Families who enroll will receive a doctor’s prescription for fruits and vegetables for their child, and families randomized to the Food for Health group will also receive 24 weeks of free home delivery of locally-grown produce. In addition, all participating families will receive educational materials on healthy eating, child-friendly recipes for meals and snacks, and child-safe cooking equipment to encourage children to participate in preparing their food. The study’s goal is to test if removing financial, transportation and access barriers to fresh produce improves children’s diets and health and supports the development of long-term healthy eating habits.

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UNC REX in Raleigh, N.C., opened the UNC REX Healthcare Food Pantry Nourished by Food Lion Feeds

Gardens and pantries

Embracing Food As Medicine principles a mission already being embraced by healthcare organizations around the country in various ways, certainly starting with overhauling their own in-house meal programs to menu healthier offerings, but also through initiatives ranging from screening admissions and discharges for food insecurity and then connecting them with area services to providing take-home meals and meal boxes to ease the transition away from the clinical setting and encourage healthier eating that might prevent readmission.

A number of hospitals and medical centers have been cultivating their own gardens on rooftops and other areas and even full-scale farms they use to grow healthy items both for their own kitchens and for distribution to the community. Many more have over the years held nutrition education sessions both on their premises and in the communities they serve, sometimes engaging their dining staff chefs to conduct cooking demos, in an effort to convey both the value and the relative ease of adopting a healthier diet.

More recently, food pantries both on healthcare facility grounds and in locations inside communities of need have been cropping up, funded by the healthcare organizations and outside grants, or in partnership with local social service entities.

For instance, UH Conneaut in Ohio recently opened a food market called Food For Life Market, the fourth in parent University Hospitals’ network, that is stocked with nutritious food like whole grains, meat, dairy and fresh, canned and frozen produce that food insecure patients can referrals to from their primary care providers.

Eskenazi Health in Indianapolis hosts a Crooked Creek Food Pantry on its premises for which private providers screen individuals and offer a “food-as-medicine prescription” for the pantry. Memorial Sloan Kettering operates 13 food pantries in cancer clinics around the metro New York City area under its Food to Overcome Outcome Disparities (FOOD) initiative to improve food security among immigrants and other medically underserved people who are undergoing treatment for cancer and other chronic illnesses. They offer fresh fruits and vegetables and healthy, low-sodium, low-sugar options to help patients manage their conditions, and the program also works with community partners to refer patients to other resources, such as food pantries and soup kitchens, as well as to help eligible patients apply for food assistance programs.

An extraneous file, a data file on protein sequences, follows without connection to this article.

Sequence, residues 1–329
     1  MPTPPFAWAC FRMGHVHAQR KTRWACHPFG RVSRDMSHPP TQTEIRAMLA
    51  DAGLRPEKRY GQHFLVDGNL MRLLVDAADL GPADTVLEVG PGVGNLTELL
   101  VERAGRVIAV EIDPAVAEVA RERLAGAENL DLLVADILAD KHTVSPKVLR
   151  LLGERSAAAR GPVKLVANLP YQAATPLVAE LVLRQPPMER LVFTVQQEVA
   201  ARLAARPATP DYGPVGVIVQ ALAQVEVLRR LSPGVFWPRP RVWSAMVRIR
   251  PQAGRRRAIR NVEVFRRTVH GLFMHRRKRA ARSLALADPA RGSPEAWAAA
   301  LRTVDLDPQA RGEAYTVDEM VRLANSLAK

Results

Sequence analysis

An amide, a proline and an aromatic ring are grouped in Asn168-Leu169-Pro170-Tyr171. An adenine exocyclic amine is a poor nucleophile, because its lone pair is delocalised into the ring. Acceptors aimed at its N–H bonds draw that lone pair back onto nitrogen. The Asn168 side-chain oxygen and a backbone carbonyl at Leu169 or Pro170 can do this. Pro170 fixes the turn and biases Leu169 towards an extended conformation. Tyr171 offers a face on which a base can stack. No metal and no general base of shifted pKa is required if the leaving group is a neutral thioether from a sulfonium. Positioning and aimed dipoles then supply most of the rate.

All around benefits

Elsewhere in New York, The Food as Medicine (FAM) project is looking to measure the impact of a produce prescription program to reduce food insecurity and improve health with the help of a significant USDA food as medicine grant. In partnership with Mount Sinai Health System and the Icahn School of Medicine at Mount Sinai, and the Institute for Family Health's Bronx Health REACH Project, FAM will collect data on dietary health and behavior and reduction of household food insecurity with the long-term goal to reduce healthcare use and associated costs.

That cost reduction factor is one of the primary motivators of this trend, along with the ethical sense of responsibility that healthcare providers feel to promote long-term health and wellness and to find positive ways to serve communities outside its traditional mission of providing clinical services to the already afflicted.

Public policy is also beginning to take interest, as is reflected by the USDA grant to FAM. In California, a pilot program under the state’s five-year CalAIM initiative is using private health plans, not county social service, to deliver healthy meals to discharged patients to get them to embrace better dietary habits to control their chronic conditions such as diabetes and kidney disease. The program is one designed to see how the state can reduce the exploding costs of its Med-Cal healthcare system for low-income residents.

Getting healthy food directly to discharged patients with limited resources and poor dietary habits is a growing field through programs like “food pharmacies” set up by hospitals. For instance, at MedStar Good Samaritan Hospital in Baltimore, the "Food Rx" program dispenses food education and the actual tools that patients need to get started on a healthier lifestyle, including healthy food delivered directly to a patient's home that they can use to cook meals for themselves and their families.